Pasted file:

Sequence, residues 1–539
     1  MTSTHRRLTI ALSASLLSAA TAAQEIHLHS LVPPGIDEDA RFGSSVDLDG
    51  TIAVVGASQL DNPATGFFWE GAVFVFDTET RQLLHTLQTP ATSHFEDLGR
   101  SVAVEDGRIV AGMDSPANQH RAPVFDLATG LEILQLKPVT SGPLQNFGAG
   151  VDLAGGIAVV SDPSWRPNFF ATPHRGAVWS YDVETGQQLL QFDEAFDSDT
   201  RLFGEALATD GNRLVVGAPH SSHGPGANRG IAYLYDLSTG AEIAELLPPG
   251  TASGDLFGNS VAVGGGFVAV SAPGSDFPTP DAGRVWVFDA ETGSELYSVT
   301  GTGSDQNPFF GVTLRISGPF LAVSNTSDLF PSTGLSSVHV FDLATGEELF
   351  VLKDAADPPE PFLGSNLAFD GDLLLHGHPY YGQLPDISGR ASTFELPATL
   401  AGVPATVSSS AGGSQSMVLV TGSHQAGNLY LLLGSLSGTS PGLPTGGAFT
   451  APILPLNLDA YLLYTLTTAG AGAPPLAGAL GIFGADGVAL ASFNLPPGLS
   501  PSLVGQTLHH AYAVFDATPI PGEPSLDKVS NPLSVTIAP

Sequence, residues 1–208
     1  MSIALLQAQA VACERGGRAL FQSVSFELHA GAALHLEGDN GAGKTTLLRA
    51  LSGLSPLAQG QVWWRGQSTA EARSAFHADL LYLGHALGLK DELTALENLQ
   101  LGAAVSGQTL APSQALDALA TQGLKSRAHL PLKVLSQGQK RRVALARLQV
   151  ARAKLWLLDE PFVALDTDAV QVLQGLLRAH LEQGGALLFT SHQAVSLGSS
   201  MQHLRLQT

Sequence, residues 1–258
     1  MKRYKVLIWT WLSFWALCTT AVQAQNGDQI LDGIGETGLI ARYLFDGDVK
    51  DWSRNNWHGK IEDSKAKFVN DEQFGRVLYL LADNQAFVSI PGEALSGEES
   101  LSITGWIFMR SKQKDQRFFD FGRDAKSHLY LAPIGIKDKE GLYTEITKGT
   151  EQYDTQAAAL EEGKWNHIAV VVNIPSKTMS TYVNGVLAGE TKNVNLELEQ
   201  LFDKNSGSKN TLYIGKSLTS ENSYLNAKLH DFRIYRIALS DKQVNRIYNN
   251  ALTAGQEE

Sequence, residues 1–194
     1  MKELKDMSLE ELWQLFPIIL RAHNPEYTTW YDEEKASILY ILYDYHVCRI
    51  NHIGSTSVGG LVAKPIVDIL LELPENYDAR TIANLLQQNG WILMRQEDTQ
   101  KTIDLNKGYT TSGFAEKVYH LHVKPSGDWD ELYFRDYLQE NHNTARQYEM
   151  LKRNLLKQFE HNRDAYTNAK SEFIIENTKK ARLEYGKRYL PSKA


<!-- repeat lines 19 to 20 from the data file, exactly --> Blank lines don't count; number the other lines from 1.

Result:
Sequence, residues 1–258
     1  MKRYKVLIWT WLSFWALCTT AVQAQNGDQI LDGIGETGLI ARYLFDGDVK